Giacomo d’Alessandro is the founder and owner of the d’Alessandro Winery, located near Agrigento in Sicily. Though the winery’s lands and vineyards have been in the family since 1820, only in 2006 did Giacomo open the family winery. His latest entrepreneurial venture is d’Alessandro Wines, a technologically advanced winery that merges the family history and connection to the land with modern ecological “green” practices while making wines from indigenous Sicilian grapes. Giacomo lives in Rome where the corporate office of his travel business is located, traveling frequently to the family home in Agrigento to oversee the development and expansion of the winery. When not in Sicily or Rome, Giacomo can be found traveling the world promoting d’Alessandro Wines.
In this episode of IntoWineTV, host Lisa Kolenda and wine experts Bartholomew Broadbent, Edward Ruiz, and Rob Renteria convene at one of San Francisco's finest restaurants, Incanto, to taste and discuss Italian "Island" Wines. Theme: Italian "Island" Wines Wine: Feudo Maccari Saia 2006 ($35) Region: Sicily Alcohol: 14%
Last month we explored the wines of Mt. Vesuvius in Campania. This article will explore the wines from Italy’s other famous volcano, Mt. Etna. Mt. Etna is in the eastern portion of Sicily. It is the highest active volcano in Sicily at just under 11,000 feet often capped with snow. It is a beautiful place and mystical setting.
This article is Part Three in a series on Sicilian foods, wines, and culture. Part One of this series was a focus on Sicily as “The new darling of wine culture.” Part Two of this series was a focus on the young, dominating wine industry of the Etna DOC (Denominazione di Origine Controllata) on east coast of Sicily, on and around Mount Etna. To fully experience the foods and wines of Sicily one might spend some time reflecting on the Mediterranean island’s history, its place on the World Map – at the point of three seas and various trade routes – or its harsh geography, and the fact it has been colonized by various civilizations for millennia who introduced and cultivated unfamiliar foods and traditions.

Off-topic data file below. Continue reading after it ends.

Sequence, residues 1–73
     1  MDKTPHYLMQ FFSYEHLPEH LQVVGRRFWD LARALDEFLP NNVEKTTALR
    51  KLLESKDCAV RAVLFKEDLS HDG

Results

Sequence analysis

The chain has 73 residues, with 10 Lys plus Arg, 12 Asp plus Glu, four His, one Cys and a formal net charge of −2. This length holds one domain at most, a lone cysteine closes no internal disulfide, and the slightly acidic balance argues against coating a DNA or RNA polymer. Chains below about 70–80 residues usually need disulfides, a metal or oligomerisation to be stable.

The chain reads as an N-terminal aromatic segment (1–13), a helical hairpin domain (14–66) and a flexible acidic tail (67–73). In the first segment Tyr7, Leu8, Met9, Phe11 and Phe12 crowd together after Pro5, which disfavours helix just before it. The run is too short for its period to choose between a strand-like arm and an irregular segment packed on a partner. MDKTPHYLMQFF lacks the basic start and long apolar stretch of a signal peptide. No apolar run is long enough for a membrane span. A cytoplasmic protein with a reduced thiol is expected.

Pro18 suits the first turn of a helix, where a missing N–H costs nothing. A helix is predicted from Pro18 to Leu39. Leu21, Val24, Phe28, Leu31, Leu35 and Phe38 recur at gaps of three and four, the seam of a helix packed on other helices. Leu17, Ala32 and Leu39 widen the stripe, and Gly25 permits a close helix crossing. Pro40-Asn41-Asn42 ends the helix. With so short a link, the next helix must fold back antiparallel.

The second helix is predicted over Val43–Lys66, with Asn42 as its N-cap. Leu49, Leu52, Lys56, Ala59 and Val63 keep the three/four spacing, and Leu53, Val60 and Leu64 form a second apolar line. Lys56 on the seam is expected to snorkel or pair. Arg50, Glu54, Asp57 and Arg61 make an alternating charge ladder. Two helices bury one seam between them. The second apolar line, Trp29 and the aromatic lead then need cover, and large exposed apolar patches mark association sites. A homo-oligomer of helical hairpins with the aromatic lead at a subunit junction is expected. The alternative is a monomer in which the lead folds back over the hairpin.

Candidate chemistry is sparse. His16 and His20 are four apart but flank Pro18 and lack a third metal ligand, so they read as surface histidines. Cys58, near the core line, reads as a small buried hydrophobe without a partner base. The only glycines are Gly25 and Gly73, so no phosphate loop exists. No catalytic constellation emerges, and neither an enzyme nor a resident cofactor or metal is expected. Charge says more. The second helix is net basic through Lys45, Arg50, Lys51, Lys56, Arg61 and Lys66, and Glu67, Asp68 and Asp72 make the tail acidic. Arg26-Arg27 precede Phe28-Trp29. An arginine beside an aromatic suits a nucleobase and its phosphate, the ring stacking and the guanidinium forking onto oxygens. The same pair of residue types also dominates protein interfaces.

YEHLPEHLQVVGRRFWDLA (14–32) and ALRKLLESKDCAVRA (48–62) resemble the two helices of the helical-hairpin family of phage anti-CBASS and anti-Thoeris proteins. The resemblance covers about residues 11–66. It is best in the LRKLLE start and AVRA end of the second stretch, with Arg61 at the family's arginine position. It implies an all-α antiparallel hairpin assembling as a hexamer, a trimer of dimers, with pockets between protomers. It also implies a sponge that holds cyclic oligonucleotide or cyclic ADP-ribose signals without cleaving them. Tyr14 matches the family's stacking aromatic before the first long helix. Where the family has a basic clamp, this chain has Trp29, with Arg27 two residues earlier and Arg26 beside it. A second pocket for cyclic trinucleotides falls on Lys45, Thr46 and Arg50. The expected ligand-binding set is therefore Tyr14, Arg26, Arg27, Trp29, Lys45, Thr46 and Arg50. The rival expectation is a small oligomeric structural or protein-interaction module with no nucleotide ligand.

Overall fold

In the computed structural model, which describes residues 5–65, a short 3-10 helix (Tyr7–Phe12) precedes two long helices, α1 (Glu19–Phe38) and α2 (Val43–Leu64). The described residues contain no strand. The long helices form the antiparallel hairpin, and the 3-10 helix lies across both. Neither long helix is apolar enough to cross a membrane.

This is the second article ( Part one is here ) in an investigative series on Sicilian wines. Part Three of this series will be a focus on the Sicilian palate, foods and wines from the southern most region of Italy. My wife’s cousin, Fabio, navigates the winding roads up the east side of Mount Etna as naturally as the breeze follows the Sicilian coastline. We are en route to the small mountain town of Randazzo where Fabio’s friend is the winemaker at a winery called Gurrida . Over the course of an hour, we have passed thousands of acres of vineyards and citrus groves and several ancient villages carved (literally) out of lava.
This is the first of an investigative series on Sicilian wines. Part Two of this series will be a focus on the young, dominating wine industry of the Etna DOC (Denominazione di Origine Controllata) on east coast of Sicily, on and around Mount Etna. For most people, the Mediterranean peninsula of Italy conjures metaphors and sensations of gastronomic ecstasy and high culture. The foods and wines are like its history, sated with drama and prudence. From its politics to its geography, the nation is connected by its diversities of culture, and no where are differences more frequently and poignantly in play than the southern region of Sicily.